Some are located behind exterior protective glazing, sometimes in very bad shape. Sun study, time lapse and total radiation research were made to establish the level of protection needed for every single window. One of the problem was to get air between the two layers. A craftsman finally came up with this brilliant idea of creating a vent by the tiny removal (no more than 3/4 inch wide) of small pieces at both bottom and up the window to create a natural ventilation effect. The glazing itself was eventually replaced with transparent UV improved glass.
At other locations, the stone was to reinforce to avoid the pressure it put on stained glass. Instead of a transversal bar – blocking the view – to fix two stone pieces, metallic rings, shaped to follow the void pattern, were applied along the aperture.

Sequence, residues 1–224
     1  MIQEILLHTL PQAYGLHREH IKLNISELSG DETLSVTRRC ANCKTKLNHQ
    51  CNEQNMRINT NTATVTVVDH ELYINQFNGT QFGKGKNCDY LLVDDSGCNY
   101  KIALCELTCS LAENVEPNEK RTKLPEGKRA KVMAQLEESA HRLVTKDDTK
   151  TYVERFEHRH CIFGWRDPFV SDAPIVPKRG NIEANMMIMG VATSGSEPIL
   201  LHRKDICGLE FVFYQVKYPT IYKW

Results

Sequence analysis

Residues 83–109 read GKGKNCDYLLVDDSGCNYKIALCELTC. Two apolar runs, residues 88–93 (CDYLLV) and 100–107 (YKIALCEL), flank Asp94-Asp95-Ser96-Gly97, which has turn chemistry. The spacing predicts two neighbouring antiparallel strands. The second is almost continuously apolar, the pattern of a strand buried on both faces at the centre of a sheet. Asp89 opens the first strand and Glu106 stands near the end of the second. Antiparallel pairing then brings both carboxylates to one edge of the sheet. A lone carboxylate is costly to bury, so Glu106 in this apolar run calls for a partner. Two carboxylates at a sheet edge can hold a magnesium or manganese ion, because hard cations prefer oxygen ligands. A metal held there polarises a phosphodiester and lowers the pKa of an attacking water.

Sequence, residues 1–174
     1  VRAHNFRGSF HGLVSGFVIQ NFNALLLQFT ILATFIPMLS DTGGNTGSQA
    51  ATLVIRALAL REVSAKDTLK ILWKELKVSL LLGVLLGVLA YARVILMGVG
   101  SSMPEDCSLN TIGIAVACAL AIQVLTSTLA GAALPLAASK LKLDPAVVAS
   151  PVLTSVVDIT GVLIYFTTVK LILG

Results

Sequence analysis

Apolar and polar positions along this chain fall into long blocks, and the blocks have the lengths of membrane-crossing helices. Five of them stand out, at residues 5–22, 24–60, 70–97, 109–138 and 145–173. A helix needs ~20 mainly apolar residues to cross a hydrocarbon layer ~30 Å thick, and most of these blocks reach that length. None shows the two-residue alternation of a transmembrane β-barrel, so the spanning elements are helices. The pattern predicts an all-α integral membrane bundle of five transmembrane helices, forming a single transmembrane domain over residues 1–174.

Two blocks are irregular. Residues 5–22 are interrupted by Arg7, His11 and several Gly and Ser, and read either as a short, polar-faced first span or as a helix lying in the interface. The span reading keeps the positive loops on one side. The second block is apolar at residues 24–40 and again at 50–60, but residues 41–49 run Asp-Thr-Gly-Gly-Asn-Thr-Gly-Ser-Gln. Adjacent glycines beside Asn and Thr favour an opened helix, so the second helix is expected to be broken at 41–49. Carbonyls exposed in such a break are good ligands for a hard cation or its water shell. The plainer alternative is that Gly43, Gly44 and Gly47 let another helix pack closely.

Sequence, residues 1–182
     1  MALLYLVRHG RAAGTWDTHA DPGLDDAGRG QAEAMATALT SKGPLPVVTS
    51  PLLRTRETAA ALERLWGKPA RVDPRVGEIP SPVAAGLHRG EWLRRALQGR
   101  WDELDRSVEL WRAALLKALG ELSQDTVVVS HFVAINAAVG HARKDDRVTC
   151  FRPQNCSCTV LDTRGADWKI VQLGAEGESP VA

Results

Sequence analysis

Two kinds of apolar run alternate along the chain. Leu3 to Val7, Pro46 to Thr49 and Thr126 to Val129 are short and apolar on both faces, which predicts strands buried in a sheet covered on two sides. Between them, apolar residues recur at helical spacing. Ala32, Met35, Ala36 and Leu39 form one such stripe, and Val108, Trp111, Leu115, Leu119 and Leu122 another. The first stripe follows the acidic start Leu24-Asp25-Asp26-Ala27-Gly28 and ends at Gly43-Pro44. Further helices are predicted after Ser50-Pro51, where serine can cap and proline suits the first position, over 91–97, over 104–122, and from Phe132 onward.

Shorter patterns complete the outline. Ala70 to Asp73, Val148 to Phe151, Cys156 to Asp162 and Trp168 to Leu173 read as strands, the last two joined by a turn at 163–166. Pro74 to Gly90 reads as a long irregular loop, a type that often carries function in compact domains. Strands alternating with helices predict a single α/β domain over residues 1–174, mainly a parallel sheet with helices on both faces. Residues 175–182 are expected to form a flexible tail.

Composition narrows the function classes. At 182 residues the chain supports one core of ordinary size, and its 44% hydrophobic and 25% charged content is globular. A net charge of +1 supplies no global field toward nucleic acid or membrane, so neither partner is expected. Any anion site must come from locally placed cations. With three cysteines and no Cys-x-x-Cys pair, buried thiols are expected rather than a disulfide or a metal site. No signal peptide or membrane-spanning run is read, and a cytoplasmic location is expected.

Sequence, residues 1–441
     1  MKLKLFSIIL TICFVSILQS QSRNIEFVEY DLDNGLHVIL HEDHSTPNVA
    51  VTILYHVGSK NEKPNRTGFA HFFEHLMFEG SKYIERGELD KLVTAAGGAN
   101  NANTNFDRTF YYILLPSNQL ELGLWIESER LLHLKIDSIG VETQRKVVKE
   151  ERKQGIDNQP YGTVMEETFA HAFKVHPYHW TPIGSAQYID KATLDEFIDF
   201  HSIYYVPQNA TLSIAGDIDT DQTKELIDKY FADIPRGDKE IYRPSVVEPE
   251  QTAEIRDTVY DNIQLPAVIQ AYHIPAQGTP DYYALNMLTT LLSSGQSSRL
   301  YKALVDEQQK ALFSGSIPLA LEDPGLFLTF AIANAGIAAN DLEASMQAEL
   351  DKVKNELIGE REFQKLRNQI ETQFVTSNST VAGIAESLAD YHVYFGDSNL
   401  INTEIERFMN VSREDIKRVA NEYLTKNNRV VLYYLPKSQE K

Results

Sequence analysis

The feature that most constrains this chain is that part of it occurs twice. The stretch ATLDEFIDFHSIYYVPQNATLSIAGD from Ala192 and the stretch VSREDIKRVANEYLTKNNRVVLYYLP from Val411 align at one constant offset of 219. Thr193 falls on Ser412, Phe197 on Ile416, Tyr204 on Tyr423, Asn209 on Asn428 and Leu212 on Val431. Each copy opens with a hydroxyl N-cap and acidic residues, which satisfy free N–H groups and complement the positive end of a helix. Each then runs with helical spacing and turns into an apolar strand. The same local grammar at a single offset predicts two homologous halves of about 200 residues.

Like the exterior reporting, every repair made or to make on stained glass windows was precisely pinned on iPad. The original drawing for this was extracted from pictures.
Mist system and geothermal mechanical plant
The fire and heating systems were another big part of the project, certainly more technical but not easier!
With a nave vault made of wood and plaster instead of stone, an efficient fire system is critical for safety. The attic is basically a timber box, ready to ignite anytime. The system is all located in the attic, ready to spill millions of small droplets of water. Three dimensional distribution and the mix of water with nitrogen enable this more efficient system to use only 10% of the amount of water a conventional system would. Because high-pressure is needed, the installation is separated from the city water system: tanks of water and nitrogen are directly located at attic level.
As for the geothermal system, it sinks very deeply (up to 1800feet!) into the ground. A total of ten wells are located around the cathedral. This renewable system reduces energy consumption by 40% and enables the community to save more than 2M$ a year, just in maintenance.
What else is there to say except that this renovation project is one of a kind. Let’s just celebrate this mastery piece of history in the heart of NY and applause the architects for their attentive work on it!